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What It’s Like To Visit America’s Newly Reopened Art Museums


In recent weeks, museums in many American cities have reopened following months of closure due to COVID-19 restrictions. It’s good to see them making an effort to do so, even as each is taking its own approach as to exactly how much they feel comfortable with reopening.

With tourism down sharply across the country, and most people choosing to stay close to home, it might appear to be an ideal moment to venture out and spend some uninterrupted quality time with a favorite work of art or linger over a fascinating exhibition display. The reality, however, is unexpectedly different.

The National Gallery of Art, as of this writing, is only partly open to the public. To enter, one must reserve a ticket in advance, as the museum caps the total number of visitors in a given time slot. The East Building, which houses mainly Modern and Contemporary Art, is off-limits, while in the West Building, only the ground floor galleries may be visited. It was disappointing to learn that I wouldn’t be able to see the main floor galleries, where most of the museum’s greatest treasures are held, but as I was glad to finally return to a museum of any sort, I chose to make the most of what was available.

Offerings of the National Gallery

For starters, I revisited the excellent, temporary exhibition, “Degas at the Opera” in its final days, a show I reviewed for The Federalist in March when it first opened. I then wandered through the sculpture galleries looking for the more intriguing pieces, such as the bust of “Monsignor Francesco Barberini” (c. 1623) by the 25-year-old Gian Lorenzo Bernini (1598-1680), with its appealing contrast of smooth and rumpled carved fabrics, and the charming small bronze, “Walking Ostrich,” by an unknown French or German 19th-century sculptor of the “Animalier” movement.

I paused to examine, albeit somewhat disinterestedly, the jumble of antique furniture, silverware, ceramics, and the like from demolished Italian palazzos and vanished Federal mansions. I overheard one elderly visitor comment to another, “You know, I always forget that they have all of this flea market stuff down here.”

More appealing was a room hung with small, 19th-century French still life paintings, including several by the brilliant Henri Fantin-Latour (1836-1904). His “Still Life” (1866) for example, is both civilized and inviting, with its multi-colored carnations, lacquered tea tray, gilt-edged china, and a well-loved novel bound in teal paper. Everything in the picture is about refined color choices, surface reflections, and a sense of ease and comfort.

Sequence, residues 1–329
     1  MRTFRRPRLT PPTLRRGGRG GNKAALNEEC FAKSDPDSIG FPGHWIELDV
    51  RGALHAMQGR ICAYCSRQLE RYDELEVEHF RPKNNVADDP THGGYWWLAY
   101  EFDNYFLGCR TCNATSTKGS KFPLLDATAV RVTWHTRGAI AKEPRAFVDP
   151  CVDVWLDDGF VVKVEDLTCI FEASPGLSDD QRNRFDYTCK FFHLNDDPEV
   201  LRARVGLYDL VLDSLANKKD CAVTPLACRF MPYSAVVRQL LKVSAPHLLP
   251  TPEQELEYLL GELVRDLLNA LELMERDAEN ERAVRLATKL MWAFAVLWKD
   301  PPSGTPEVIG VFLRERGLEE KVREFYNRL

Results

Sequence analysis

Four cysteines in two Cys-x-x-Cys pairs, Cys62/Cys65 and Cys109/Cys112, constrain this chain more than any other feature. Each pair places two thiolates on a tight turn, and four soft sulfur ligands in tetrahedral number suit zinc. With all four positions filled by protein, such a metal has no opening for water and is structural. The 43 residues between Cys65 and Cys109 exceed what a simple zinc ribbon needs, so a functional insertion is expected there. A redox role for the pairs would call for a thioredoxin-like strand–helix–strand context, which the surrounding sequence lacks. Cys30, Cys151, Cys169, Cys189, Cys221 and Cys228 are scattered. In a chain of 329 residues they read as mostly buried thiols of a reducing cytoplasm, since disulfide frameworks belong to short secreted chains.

By contrast, there’s an almost violent sense of discomfort in his “Still Life with a Mustard Pot” (1860). A hefty knife dominates the center of the painting, its thick, blunt blade paralleled by the handle of the mustard spoon. Despite the evocation of a meal, there’s nothing to eat or drink here, unless of course digging into a pot of French mustard hits the spot for you.

As when comparing Fantin-Latour’s society portraits with his self-portraits, in these still life paintings it’s sometimes difficult to believe that these very different works came from the hand of the same artist, so strong are the contrasts between the refined and the brash.

A Somewhat Depressing Experience

Having seen just about all that was available to view, I headed to the main shop in the NGA’s West Building, only to discover that the vast space, usually crowded with tourists, was empty of both merchandise and people. The shop in the underground concourse connecting the two wings of the museum was still open but passing through long, eerily deserted spaces to reach it felt like wandering the halls of a hospital at 2 a.m. Similarly, the large underground café with its view of the I.M. Pei cascade was completely roped off, with only the espresso bar serving coffee and pre-made sandwiches to take away.

Overall the experience was, through no fault of the museum, somewhat depressing. Far from uplifting the spirits, the visit had the exact opposite effect. So about a week later, when I headed over to the Smithsonian American Art Museum and the National Portrait Gallery, I went with lowered expectations of what I would find.

Like the NGA, these two museums (which share the same gigantic building) are only accessible via a ticketing system. Both the SAAM and the NPG, however, allow current visitors to access not only the temporary exhibitions but also the majority of the permanent collections in their galleries. At the center of the complex, the glass-domed Kogod Courtyard — which for some reason always smells like a hotel atrium built in the 1980s — echoed the sound of running water moving along the decorative floor scrims, but very little else. On my visit, I counted a total of eight other museum patrons.